}
  }
}

A better code example would save the instances in local variable. The example below works with 7 associations, would speed it up by factor two.

if(this.toBusinessPartner.IsSet()) {
  if(this.toBusinessPartner.EmployeeResponsible.IsSet()) {
    var emplResp = this.toBusinessPartner.EmployeeResponsible;
    if(emplResp.Address.DefaultAddress.IsSet()) {
      var emplRespAddress = emplResp.Address.DefaultAddress;
       var parent = this.toParent;
       parent.RespEmplAddrStreet = emplRespAddress.Street;
       parent.RespEmplAddrPostCode = emplRespAddress.PostCode;
    }
  }
}

Keep in mind that .IsSet() leads to an association. Avoid redundant “retrieve by association” operations by storing the result of an operation in a variable / collection

Using association in trace statements: Even if the trace is not active, the content inside the trace statement is evaluated. This also might lead to “retrieve by association” operations that can be easily avoided

Remove trace statements


A pretty easy improvement is the removal of trace statements. If you have code like this in your project:


Trace.Info("Instance Count", this.toAnotherBO.Count());


The this.toAnotherBO.Count() is getting retrieved and executed even when the trace is not set to active.


Avoid save events


As a best practice, you should not trigger a save from the UI at all. While a user is in edit mode, he should be able to work on a document. If the user hits cancel, everything he did before hitting save the last time should be rolled back. This does not work when a save is triggered as a part of the application logic.


Use buffered retrieves instead of queries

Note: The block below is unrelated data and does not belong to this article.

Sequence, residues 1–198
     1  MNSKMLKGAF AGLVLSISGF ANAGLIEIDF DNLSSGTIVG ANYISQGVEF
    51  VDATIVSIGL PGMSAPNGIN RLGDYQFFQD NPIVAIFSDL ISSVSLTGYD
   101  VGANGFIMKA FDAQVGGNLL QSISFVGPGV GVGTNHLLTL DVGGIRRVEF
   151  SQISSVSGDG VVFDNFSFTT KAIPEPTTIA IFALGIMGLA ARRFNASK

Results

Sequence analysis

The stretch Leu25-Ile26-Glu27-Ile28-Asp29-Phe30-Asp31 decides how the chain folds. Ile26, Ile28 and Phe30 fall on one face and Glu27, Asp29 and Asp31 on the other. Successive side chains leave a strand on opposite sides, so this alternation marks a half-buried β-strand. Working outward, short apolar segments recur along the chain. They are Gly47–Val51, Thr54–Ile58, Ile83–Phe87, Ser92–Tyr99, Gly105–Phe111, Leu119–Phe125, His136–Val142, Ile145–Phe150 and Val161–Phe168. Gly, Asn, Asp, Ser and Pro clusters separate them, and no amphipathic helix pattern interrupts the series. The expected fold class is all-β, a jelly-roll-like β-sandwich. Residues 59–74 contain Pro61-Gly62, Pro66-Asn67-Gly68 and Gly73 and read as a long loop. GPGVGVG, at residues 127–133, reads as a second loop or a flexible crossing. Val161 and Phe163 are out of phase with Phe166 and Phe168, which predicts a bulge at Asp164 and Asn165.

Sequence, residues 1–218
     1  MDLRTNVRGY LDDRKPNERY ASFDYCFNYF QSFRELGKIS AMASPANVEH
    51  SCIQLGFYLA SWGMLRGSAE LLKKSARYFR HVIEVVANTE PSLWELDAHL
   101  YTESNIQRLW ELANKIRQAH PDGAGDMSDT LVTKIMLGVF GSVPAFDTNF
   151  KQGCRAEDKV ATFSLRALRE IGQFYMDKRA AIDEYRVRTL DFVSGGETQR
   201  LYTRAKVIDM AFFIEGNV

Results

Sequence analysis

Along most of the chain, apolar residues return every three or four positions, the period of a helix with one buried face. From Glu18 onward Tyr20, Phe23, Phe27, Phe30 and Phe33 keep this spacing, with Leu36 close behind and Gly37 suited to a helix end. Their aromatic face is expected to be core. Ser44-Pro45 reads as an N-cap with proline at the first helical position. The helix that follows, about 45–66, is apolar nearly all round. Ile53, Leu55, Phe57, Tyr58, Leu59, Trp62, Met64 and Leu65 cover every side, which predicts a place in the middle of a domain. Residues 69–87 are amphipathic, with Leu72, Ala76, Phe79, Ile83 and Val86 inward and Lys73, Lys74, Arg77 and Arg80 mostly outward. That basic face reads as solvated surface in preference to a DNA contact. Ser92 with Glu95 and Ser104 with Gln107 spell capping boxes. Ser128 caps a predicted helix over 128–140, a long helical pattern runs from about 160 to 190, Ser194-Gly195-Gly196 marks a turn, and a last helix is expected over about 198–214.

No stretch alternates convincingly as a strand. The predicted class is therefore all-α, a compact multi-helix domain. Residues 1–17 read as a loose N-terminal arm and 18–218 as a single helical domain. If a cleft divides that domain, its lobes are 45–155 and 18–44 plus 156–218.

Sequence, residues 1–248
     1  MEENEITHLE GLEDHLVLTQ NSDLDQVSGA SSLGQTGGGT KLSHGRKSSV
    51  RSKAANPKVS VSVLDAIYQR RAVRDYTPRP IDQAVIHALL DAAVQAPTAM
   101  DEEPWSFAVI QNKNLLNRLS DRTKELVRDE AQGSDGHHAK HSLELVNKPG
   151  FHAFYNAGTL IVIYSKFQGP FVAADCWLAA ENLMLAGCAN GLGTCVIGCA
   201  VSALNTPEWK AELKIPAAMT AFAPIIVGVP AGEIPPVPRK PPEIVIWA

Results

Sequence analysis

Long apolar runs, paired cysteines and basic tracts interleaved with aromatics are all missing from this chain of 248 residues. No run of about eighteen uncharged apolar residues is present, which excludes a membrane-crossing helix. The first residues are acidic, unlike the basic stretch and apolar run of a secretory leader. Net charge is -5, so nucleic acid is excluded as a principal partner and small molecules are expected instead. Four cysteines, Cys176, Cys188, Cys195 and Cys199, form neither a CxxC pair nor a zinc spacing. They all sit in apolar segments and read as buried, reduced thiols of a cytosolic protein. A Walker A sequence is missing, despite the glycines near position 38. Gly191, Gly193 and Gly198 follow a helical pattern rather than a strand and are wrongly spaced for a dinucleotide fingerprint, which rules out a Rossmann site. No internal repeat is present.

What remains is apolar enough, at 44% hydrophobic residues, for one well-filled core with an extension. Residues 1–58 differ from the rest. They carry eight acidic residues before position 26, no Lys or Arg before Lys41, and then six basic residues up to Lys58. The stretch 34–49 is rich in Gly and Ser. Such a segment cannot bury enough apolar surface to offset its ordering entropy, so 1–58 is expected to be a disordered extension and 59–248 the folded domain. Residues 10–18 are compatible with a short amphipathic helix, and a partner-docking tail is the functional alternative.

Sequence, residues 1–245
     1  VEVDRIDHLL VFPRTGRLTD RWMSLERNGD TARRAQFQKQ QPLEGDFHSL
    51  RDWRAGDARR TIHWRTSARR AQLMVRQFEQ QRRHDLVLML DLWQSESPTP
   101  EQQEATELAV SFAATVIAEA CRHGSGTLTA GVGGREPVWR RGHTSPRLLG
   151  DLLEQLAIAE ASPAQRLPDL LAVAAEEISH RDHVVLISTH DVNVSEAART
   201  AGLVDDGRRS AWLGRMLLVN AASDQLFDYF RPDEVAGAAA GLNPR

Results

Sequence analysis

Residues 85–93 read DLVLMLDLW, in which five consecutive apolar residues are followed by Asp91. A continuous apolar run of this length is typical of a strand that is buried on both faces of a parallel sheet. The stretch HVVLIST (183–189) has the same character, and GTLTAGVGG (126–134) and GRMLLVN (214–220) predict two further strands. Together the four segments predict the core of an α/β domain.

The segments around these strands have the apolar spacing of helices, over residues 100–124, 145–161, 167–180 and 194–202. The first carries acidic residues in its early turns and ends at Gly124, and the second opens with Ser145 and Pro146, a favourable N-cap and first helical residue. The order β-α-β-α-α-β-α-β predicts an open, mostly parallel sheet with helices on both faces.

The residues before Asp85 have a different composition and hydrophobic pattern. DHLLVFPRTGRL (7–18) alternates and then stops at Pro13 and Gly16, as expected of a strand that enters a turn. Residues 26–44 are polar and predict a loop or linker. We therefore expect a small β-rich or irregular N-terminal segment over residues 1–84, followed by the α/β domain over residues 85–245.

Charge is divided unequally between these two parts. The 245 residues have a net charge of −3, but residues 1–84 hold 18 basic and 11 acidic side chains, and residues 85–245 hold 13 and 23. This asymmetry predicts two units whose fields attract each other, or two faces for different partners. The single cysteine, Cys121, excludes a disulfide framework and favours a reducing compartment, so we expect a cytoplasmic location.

The retrieve method retrieves an object from the current buffer. This is the fastest and the best choice to get access to an object. Using the query does bypass the buffer and is therefore slower in most of the cases.

Database queries


Due to the fact, that a query bypasses the buffer and is executed on database level, the query is slow. Try to find ways to use retrieve. Even if you have to retrieve an intermediate object first, it is often faster than using the query.


If you have to use the query, use query.ExecuteDataOnly() if you’re only interested in the result data and not the object instances as instance type.


Queries without or empty selection parameter


If you are using queries, make sure the result set is restricted. If your code runs without a query parameter selection, or the selection is done, but empty, the full database table will be returned. Most of the time, this is not expected. Before you run a query.Execute, you should check if the selection parameter is set.


Usage of QueryByElements (auto generated query)


The default query QueryByElements does not support full index search. It has in general a linear dependency on the number of instances in the business object node t = O(n), where n is the number of BO instances in the database).


Therefore it should be used only if:


  • The expected number of records in the node is small (< 1000), for example in case of a object with configuration data, or
  • The selection parameter list contains an equal condition on an element that is alternative key of the node. An alternative key is supported by an index so that the runtime dependency is t = O(log n).